Suffolk: New council leader Mark Bee pledges to work with communities over libraries
PUBLISHED: 22:40 11 May 2011 | UPDATED: 22:49 11 May 2011
THE new leader of Suffolk County Council has pledged to work with communities to keep libraries open - while also indicating new ones could be created.
Mark Bee last night stressed he is determined to see libraries put on a “strong and sustainable footing for years to come.”
Meanwhile community groups who have been drawing up plans to run their own services said they are still pressing ahead with their work.
Several groups were formed to save town and village libraries after the council said it could no longer run them and invited communities to come forward to keep branches open.
But after formal proposals were submitted, and after Mr Bee took over as council leader, the authority said a community interest company – owned by the council – would be formed to run the libraries.
The move leaves question marks over the future of plans drawn up by community groups.
But Mr Bee said: “From the outset this was about finding ways to work with communities to sustain our library services in a way that effectively meets local needs.
“What’s clear is that our libraries are seen as an important and highly-valued part of the fabric of local communities. But, we know that there will be less money to spend on providing services in the years ahead.
“What we have to do now is square that circle: finding a way to ensuring the library services we all value can flourish, but in a way that we can afford, and which meets the needs of people in the years to come. Having listened closely to people’s concerns, it’s clear that they are interested in running libraries but would need our support with the practicalities of doing so.”
Mr Bee said he was incredibly impressed with the enthusiasm shown in the 4,000 responses to the county council’s consultation on libraries.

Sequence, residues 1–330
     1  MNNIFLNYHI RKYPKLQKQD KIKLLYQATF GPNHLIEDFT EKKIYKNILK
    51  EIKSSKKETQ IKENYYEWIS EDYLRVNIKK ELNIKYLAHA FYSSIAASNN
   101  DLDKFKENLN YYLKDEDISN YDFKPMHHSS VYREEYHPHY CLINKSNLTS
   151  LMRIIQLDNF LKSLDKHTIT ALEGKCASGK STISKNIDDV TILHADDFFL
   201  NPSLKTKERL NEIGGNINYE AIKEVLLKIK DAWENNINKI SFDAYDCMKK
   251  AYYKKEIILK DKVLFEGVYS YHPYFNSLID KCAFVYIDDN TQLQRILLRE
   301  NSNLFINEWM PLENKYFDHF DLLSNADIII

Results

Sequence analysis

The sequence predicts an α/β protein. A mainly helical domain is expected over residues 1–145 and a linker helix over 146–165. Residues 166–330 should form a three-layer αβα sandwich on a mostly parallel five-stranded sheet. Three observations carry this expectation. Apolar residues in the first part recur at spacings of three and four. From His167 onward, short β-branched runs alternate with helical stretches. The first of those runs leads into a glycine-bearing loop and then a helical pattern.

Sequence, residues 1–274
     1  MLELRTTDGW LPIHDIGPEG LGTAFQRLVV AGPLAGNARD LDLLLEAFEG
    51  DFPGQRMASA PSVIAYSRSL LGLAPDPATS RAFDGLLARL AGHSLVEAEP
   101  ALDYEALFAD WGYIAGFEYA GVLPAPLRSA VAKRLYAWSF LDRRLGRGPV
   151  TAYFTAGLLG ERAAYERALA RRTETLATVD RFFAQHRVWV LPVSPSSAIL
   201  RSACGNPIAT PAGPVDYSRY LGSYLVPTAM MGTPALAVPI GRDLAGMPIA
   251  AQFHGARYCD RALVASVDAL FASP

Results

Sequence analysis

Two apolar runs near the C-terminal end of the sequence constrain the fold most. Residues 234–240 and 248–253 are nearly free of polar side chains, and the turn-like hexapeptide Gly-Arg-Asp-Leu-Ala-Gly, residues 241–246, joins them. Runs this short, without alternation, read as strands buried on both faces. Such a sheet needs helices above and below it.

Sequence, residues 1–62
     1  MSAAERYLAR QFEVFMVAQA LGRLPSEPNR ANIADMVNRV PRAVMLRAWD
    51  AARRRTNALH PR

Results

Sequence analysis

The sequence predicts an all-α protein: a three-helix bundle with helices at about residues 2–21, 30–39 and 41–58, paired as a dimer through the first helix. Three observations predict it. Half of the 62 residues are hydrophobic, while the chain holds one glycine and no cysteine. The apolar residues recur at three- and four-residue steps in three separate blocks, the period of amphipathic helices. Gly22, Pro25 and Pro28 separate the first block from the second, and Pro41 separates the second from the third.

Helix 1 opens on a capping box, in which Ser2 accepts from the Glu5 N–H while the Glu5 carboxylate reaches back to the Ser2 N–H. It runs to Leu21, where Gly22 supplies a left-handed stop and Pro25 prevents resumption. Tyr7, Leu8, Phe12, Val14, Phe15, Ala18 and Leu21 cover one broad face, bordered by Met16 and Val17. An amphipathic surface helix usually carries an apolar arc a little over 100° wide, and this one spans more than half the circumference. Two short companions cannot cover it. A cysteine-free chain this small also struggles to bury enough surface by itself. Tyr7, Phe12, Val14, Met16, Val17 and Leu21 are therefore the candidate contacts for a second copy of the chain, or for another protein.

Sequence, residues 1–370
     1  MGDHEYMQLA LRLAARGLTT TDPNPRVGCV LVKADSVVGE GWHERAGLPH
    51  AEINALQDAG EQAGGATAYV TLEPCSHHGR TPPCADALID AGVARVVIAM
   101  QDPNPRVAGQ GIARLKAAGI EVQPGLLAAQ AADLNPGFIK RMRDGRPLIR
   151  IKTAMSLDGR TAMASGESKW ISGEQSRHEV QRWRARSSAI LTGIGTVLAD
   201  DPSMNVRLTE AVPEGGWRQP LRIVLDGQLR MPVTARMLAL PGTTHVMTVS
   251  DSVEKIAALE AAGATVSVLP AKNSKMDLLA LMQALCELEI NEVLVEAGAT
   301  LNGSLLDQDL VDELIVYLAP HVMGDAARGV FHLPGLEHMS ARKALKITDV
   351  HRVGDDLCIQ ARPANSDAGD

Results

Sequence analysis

“We want to tap into this enthusiasm as we draw up our proposals,” he added. “Whilst we can’t rule out the possibility of some closures, the aim is to keep these to a minimum.
“At the same time, there may be areas where increased demand actually means we decide to plan for new libraries.
“What is absolutely certain, is that we are listening to what people are saying, and will work with them in the weeks and months ahead, to ensure that library services are put on a strong and sustainable footing for years to come.”
Groups formed at Aldeburgh and Framlingham said they had heard nothing from the county council and were continuing with their plans as before.
A public meeting on the subject is still planned in Framlingham, at Sir Robert Hitcham Primary School, on May 20. Eileen Coe, clerk of the town council, said: “We have not been notified that anything has changed and we are carrying on.”
Tony Bone, who is on the steering group for the plans for Aldeburgh Library, said: “We have submitted our proposals in response to the consultation and we are awaiting a response. We have not heard anything yet.”
Other campaigners, such as at Leiston, have insisted libraries had not been “saved” and there remained a real threat to the future of the service.
A report on the next steps for the libraries will go before the council’s cabinet in July.
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